Disputes over where children will live after a divorce, as well as how much time they will spend with each parent, can sometimes get intense. Even when parents are in basic agreement, working out the details can be stressful; which is why it benefits you to contact an experienced family attorney.

All decisions relating to your children must support their best interests. A Pinecrest child custody lawyer can provide guidance based on our years of experience helping parents navigate custody issues.

The Basics of Child Custody in Pinecrest

Although people often still use the term “custody,” the law in Florida refers to the time a parent cares for their children in their home as “parenting time.” A parent’s ability to make decisions for their children is called “parental responsibility.”

Courts believe it is in the children’s best interests to have a meaningful relationship with both parents and so typically favor shared parenting time, unless there is a good reason to limit one parent’s access. The law does not favor either gender in custody decisions: A father and a mother have equal rights to parenting time.

Divorcing parents must develop a parenting plan that lays out where the children will live, who will be the residential parent for school registration purposes, how the parents will handle transporting the children, where they will spend holidays, and many other details. A Pinecrest attorney can help a parent create, negotiate, and review a child custody plan to ensure it meets the law’s requirements.

The Children’s Best Interests in Custody Decisions

Family courts encourage parents to develop a parenting plan themselves or, if necessary, work with a mediator or collaborative divorce team. Parents know their children’s needs and desires, as well as each other’s strengths and weaknesses as parents. When parents cannot agree, each side usually submits a parenting plan and the Judge either picks one or creates a new plan.

When the parents develop a plan, they must submit it to the court for approval. The Judge will evaluate the plan according to whether it supports the children’s best interests. According to Florida Statutes § 61.13, some of the factors a court could consider when determining children’s best interests include:

  • Each parent’s ability to put the children’s needs before their own;
  • The parents’ mental and physical health;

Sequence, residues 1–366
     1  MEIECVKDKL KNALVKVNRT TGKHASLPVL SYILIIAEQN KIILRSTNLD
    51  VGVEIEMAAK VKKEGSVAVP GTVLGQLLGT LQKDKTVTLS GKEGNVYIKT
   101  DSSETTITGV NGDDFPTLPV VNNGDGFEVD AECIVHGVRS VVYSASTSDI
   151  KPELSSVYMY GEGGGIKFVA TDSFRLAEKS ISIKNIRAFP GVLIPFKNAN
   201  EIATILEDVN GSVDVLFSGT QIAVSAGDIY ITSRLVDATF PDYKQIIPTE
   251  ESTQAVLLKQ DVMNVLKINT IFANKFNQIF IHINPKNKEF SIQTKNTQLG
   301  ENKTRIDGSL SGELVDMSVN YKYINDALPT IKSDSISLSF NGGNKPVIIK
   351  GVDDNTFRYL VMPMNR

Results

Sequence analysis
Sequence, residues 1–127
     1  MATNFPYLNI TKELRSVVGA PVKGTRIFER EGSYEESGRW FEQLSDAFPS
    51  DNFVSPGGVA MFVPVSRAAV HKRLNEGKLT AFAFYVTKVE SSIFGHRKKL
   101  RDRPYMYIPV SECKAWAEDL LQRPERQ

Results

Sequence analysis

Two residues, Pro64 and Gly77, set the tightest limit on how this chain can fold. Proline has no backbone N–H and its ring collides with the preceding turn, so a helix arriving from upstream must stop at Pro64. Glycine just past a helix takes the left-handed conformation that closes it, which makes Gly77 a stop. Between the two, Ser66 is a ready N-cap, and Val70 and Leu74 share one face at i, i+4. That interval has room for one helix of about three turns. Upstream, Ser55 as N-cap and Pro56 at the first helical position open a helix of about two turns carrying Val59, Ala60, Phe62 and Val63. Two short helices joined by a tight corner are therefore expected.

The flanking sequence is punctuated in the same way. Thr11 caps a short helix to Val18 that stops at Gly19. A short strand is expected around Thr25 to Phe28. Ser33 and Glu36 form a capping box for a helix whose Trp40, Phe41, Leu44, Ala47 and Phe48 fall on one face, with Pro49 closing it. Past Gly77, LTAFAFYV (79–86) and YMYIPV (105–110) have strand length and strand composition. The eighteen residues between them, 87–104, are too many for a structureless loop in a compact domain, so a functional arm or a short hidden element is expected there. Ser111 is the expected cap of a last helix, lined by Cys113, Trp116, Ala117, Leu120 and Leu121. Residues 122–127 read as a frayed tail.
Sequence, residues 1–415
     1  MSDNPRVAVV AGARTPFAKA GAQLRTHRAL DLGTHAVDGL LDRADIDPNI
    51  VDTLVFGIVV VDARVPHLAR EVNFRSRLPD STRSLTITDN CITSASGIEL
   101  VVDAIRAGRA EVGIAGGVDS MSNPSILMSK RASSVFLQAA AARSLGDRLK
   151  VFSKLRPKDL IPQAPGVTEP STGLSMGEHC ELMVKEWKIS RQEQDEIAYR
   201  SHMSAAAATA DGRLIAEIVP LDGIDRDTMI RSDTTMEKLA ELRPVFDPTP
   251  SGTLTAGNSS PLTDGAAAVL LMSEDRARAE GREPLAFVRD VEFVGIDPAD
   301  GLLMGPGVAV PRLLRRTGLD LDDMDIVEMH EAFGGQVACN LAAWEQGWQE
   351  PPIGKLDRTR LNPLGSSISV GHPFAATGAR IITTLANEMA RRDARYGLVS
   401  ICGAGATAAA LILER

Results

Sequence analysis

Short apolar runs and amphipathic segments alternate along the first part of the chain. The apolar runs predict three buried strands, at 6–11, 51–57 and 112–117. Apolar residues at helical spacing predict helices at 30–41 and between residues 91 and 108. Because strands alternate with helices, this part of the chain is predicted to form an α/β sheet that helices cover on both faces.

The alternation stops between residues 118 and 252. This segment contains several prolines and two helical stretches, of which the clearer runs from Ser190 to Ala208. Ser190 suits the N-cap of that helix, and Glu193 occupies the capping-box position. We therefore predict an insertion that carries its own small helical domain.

• How long the children have lived in a stable environment and whether maintaining the current environment is desirable;
  • Each parent’s willingness and capacity to honor the parenting plan;
  • Each parent’s ability to work with the other parent to be a parental team acting in the children’s interests;
  • Each parent’s ability to provide structure, discipline, and routine;
  • Any evidence of substance abuse;
  • Any evidence of domestic violence, child abuse, child neglect, or sexual abuse.

If the children are old enough and mature enough to present an opinion, their own preferences could influence, but not dictate, the Judge’s decision.

Sometimes one parent believes the other parent should not have significant custody time. The Judge would not limit parenting time without proof that a parent poses a danger to the child. In appropriate circumstances, a Pinecrest child custody attorney can help a parent show that allowing children significant unsupervised time with a co-parent would go against the children’s best interests.

Parenting Plan Modifications

As children grow, they develop different needs and interests; and as parents move on after a divorce, their availability for parenting time might change. Florida law allows parents to modify a parenting plan to accommodate changes in some circumstances.

If parents agree to the change, a Pinecrest attorney could make a written modification to the parenting plan and submit it to the court. As with the original parenting plan, the Judge must review it to ensure that it supports the children’s best interests. If the court approves, it will issue the modified plan as an enforceable court order.

If the parents disagree, the parent seeking modification must bring a motion in court. The requesting parent must show there has been a significant, unanticipated change in circumstances that requires a modification. Even if the court accepts the requesting parent’s arguments, it will not approve a modification that is not in the best interests of the children.

Contact a Pinecrest Child Custody Attorney Today for Assistance with a Parenting Plan

Few things are as precious as a parent’s relationship with their children. Parents sometimes feel like a divorce threatens that relationship.

A Pinecrest child custody lawyer can assist you in developing a parenting plan that allows you to preserve your role as an active parent. Call us today to discuss your needs during a free consultation with The Florida Probate & Family Law Firm.